ISU's Hogue channeling anger, frustration at Texas Tech

Published: February 15 2014 | 8:26 am - Updated: 29 March 2014 | 3:41 am in

 By Rob Gray


 AMES — Losing by 25 points Monday at West Virginia made Iowa State forward Dustin Hogue angry.


And …

“It’s embarrassing,” said Hogue, whose leg — by accident, he stressed — played a role in a flagrant foul-filled fracas near the end of that 102-77 loss at Morgantown. “We’ve got a lot of fans here, a lot of people stand behind us and they tuned in to watch us play and give our all and that’s not what we did against West Virginia. We can’t take any more days off, so we’ve got to take this anger and frustration out on Texas Tech.”

Based on early-season returns, the Red Raiders (13-11, 5-6 Big 12) would seem a prime lashing-out target for the No. 14 Cyclones (18-5, 6-5).

The teams meet in today’s 12:45 game at Hilton Coliseum and ISU won the previous matchup 73-62.

But Tech’s won three straight games, including an authoritative 68-60 win Wednesday at No. 25 Oklahoma.

“That was as good a performance as I’ve seen in our league all year, to go into Oklahoma and have them down by 20 points early in the second half and then withstand a run and hold them off,” ISU Coach Fred Hoiberg said. “They made big plays down the stretch. They’re playing hard — as hard as any team that we’ll face right now.”

They also defend.

The Red Raiders lead the Big 12 in 3-point field goal percentage defense, allowing just 31.3 percent of conference foes’ long-range shots to fall.

The Cyclones, meanwhile, are hitting a league-worst 31.4 percent of their 3-pointers in Big 12 competition.

They hit just 4 of 23 from beyond the arc against the Mountaineers, tying a season-low for made 3s in a game.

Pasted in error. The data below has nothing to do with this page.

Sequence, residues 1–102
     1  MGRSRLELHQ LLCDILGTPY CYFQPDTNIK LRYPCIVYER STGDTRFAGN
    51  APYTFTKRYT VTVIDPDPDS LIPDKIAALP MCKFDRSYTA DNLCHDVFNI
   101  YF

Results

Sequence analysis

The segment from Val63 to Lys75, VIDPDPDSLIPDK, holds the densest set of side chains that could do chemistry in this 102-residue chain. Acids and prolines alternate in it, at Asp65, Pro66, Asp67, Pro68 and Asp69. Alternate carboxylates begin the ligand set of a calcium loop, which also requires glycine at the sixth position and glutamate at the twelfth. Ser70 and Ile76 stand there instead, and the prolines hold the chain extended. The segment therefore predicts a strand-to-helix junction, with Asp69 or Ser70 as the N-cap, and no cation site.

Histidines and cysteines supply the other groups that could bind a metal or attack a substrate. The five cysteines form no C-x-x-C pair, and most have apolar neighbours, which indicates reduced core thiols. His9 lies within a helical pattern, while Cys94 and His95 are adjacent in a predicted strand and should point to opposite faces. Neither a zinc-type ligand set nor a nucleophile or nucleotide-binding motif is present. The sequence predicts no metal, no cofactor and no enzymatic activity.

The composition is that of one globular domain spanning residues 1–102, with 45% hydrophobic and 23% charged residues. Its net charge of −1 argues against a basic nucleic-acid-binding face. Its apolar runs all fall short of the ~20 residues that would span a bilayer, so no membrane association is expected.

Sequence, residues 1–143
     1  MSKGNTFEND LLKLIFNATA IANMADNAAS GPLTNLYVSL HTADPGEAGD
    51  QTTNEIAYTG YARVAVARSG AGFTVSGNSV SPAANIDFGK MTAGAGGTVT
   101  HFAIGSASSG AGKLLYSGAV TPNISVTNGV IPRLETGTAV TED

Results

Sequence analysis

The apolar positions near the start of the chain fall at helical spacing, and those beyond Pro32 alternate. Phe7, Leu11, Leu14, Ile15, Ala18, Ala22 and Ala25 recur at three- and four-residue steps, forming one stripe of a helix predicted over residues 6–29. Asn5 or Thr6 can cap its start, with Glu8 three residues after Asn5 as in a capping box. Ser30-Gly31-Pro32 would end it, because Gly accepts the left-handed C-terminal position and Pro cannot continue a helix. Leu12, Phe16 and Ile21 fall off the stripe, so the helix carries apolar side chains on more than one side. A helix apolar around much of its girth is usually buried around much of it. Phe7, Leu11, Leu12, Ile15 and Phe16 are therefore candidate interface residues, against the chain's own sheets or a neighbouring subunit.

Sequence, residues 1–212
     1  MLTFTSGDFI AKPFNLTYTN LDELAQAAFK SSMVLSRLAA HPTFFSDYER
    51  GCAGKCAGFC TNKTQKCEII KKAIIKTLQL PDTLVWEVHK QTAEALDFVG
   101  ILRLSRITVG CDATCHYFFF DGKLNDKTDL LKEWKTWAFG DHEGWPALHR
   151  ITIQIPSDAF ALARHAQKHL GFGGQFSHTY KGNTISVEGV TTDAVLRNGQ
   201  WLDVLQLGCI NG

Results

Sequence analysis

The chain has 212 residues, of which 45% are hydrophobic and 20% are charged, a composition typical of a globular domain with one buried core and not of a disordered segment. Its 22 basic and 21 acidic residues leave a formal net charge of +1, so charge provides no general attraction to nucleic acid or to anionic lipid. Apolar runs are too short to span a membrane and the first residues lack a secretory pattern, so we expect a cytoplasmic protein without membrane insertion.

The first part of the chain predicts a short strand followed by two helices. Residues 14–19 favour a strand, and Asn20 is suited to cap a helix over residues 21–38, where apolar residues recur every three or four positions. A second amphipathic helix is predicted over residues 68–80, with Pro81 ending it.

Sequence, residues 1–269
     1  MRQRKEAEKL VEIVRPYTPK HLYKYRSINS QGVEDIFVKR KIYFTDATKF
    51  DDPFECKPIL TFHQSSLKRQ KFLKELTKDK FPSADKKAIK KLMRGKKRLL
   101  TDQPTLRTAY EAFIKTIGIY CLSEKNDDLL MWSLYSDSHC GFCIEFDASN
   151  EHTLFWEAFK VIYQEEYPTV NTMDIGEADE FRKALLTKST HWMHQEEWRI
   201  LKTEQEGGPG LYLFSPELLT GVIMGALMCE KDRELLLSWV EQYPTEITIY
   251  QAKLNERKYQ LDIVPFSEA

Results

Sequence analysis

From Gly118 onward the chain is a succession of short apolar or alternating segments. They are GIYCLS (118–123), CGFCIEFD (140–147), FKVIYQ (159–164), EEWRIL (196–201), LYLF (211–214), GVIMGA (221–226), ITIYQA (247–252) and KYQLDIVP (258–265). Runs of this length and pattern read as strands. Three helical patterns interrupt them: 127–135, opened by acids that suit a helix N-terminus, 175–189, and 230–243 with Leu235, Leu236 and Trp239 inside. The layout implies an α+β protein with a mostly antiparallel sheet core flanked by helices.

“You have a nightmare about it, then you can’t wait to get back to practice and get things figured out,” ISU forward Georges Niang said of that anger-inducing setback.

And misfiring from long distance is only part of what needs to be figured out.

The Cyclones’ 3-point field goal defense ranks last in the Big 12 since conference play began.

Opponents have converted 39.2 percent of their shots from long range in 11 games.

West Virginia knocked down 13 of 22 — and both a lack of urgency at the point of attack and uneven help defense combined to help make the Mountaineers hot.

“I just think we’re not taking enough pride in guarding our guy one on one,” said Hogue, who scored 15 points while grabbing 10 rebounds Monday. “A lot of teams rely on help defense and I think that our guys just think, ‘OK, I’ve got a guy behind me so it’s OK if my guy blows by me.’ That’s not taking pride in one on one defense — running shooters off the line, containing certain players. I think that when we get back to basics and start locking our guys up we’ll be a better defensive team.”

That could and should start today.

“Hopefully we got some things corrected and we won’t have another performance like (Monday’s) all year,” Hoiberg said.

Count on it, Hogue said.

“We’re not letting anybody score that many points on us again,” he said. “We’re going to take this initiative to become a better defensive team.”

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